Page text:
On the private credit side, there is an expectation that more players will pile into this space as risk aversion and tough regulatory burdens hamper bank lending.  

“When asked whether they plan to deploy more, less, or the same amount of capital to the various private credit markets, respondents were clear: more respondents predict increasing their allocation than decreasing it across every sub-sector of the private credit market. Optimism is highest in relation to SME and mid-market lending, as well as distressed and asset-backed lending,” noted the authors of an industry report entitled “Financing the Economy 2018,” which was jointly produced by law firm Dechert LLP and the Alternative Credit Council.  

According to the report, the preponderance of private credit firms are headquartered in the US, UK and Europe, while investors can be found around the globe mostly concentrated in the US, Europe, Asia Pacific and UK. Interestingly, data revealed that private credit asset managers are sourcing deals mostly through direct relationships with a borrower, private equity firms and banks. 

Aside from fintech and credit investments, sector agnostic asset managers are giving emerging markets a hard look and pouncing once regulatory reforms are implemented. In fact, Franklin Templeton Investments officially entered the Israeli retail market on Tuesday immediately following the government’s move to allow foreign firms to offer offshore products. The firm has avoided deepening its positions in Turkey and Saudi Arabia because of policy uncertainty.  

“Over the years, we have been witnessing Israeli investors’ increasing preference for foreign investments,” Jennifer Johnson, president and chief operating officer of Franklin Templeton, told Reuters at the opening of the group’s new office in Tel Aviv. 

Franklin Templeton continues to eye opportunities in Brazil, Mexico, and Indonesia.  

Recently, exchange-traded product sponsor and asset manager WisdomTree Investments announced that it had also changed its investment methodology in its WisdomTree Emerging Markets Consumer Growth Fund to take advantage of the opportunities that come with growing middle class in China, India, Taiwan, South Korea and elsewhere.  

“We at WisdomTree felt we could improve on this methodology by broadening the basket to include stocks outside of the consumer sectors that can also benefit from this rising middle class and by taking a more fundamental approach  focusing on quality growth companies while remaining sensitive to valuations,” wrote Tripp Zimmerman, associate director of research for WisdomTree, on the company’s blog 

Matt O'Brien Content Editor Acuris Studios (moderator)

Matt is content editor for Acuris Studios, the sponsored events and publications division of Acuris Global, since 2016. He curates content for the events team by overseeing research of market trends and transactions relating to corporate M&A and project finance. Matt works with the news editors and reporters of Acuris’ various publications, meets with market practitioners, and stays current with recent developments to ensure the company delivers industry-leading conferences. He also blogs about economic and market trends that affect the financing and structuring of M&A transactions and projects throughout the Americas.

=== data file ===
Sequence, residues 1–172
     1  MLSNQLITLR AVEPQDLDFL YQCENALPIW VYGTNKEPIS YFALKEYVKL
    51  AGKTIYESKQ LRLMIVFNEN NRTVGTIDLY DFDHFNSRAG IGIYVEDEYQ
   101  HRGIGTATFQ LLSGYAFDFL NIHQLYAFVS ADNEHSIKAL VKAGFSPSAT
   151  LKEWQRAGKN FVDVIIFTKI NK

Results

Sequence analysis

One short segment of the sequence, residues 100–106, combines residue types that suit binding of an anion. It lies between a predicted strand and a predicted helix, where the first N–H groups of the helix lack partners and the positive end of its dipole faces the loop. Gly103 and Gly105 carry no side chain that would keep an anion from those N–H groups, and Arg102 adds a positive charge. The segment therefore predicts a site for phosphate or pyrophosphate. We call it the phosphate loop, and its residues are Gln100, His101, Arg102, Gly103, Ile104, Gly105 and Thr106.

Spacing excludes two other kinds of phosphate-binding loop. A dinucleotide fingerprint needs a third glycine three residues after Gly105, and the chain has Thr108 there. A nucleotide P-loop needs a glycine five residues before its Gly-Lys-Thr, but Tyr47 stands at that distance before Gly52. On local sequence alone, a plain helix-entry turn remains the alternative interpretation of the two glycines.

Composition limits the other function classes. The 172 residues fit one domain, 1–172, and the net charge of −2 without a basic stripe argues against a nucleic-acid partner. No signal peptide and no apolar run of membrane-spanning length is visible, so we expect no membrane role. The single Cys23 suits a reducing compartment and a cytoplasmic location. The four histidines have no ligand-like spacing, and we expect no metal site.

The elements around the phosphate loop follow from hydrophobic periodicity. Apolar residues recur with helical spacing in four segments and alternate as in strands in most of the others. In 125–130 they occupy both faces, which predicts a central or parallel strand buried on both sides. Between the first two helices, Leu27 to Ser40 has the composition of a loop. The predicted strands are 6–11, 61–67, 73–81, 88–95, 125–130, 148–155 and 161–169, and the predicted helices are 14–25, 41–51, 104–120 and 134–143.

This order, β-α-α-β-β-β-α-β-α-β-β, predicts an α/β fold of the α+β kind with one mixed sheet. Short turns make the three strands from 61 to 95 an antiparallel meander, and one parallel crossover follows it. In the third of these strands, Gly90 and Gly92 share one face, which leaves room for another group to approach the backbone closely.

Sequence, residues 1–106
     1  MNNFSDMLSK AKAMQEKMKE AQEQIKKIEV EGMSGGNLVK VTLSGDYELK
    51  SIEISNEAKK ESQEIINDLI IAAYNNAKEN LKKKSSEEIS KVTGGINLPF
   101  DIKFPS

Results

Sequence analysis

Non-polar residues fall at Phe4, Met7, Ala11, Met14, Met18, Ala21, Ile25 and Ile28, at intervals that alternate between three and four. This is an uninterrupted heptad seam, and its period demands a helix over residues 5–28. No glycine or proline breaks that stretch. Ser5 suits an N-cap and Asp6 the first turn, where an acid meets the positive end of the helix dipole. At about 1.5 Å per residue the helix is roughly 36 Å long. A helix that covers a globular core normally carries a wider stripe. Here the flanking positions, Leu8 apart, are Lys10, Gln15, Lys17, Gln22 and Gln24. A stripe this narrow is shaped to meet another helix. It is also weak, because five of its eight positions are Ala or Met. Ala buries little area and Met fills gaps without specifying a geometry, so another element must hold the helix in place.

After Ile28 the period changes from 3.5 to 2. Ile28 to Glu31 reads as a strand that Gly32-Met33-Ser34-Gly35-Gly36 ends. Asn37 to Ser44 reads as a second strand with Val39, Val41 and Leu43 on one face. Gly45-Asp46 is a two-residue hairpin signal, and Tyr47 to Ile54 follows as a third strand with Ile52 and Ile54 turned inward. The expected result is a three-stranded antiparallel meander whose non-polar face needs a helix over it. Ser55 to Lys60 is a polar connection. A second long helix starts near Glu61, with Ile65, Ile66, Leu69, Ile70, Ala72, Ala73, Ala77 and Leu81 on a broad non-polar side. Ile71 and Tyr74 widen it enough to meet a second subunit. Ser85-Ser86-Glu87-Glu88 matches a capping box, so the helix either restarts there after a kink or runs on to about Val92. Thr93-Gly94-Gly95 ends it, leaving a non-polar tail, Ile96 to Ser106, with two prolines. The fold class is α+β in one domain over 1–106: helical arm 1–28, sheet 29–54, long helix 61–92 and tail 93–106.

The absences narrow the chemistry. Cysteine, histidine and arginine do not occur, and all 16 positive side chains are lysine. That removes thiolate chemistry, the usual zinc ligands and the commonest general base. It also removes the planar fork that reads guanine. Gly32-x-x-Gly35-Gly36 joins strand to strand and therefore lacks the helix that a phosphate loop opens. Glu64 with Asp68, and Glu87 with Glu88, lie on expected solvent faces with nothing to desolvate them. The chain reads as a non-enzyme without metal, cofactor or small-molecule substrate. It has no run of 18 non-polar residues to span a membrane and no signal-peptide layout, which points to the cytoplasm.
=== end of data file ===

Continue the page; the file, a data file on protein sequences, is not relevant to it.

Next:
Matt spent nine years in the news reporting industry covering a wide variety of industries and beats as a freelancer and as an employee with various publications. For five years, he worked in the financial services sector conducting research and relationship management for the mass affluent clients of AXA Advisors and then Wells Fargo.

Matt holds a B.A. from Rutgers University where his degree was in Political Science and History. He graduated in 2003.

Follow Matt on Twitter and LinkedIn.

Matt O'Brien Content Editor Acuris Studios (moderator)

Matt is content editor for Acuris Studios, the sponsored events and publications division of Acuris Global, since 2016. He curates content for the events team by overseeing research of market trends and transactions relating to corporate M&A and project finance. Matt works with the news editors and reporters of Acuris’ various publications, meets with market practitioners, and stays current with recent developments to ensure the company delivers industry-leading conferences. He also blogs about economic and market trends that affect the financing and structuring of M&A transactions and projects throughout the Americas.

Matt spent nine years in the news reporting industry covering a wide variety of industries and beats as a freelancer and as an employee with various publications. For five years, he worked in the financial services sector conducting research and relationship management for the mass affluent clients of AXA Advisors and then Wells Fargo.

Matt holds a B.A. from Rutgers University where his degree was in Political Science and History. He graduated in 2003.

Follow Matt on Twitter and LinkedIn.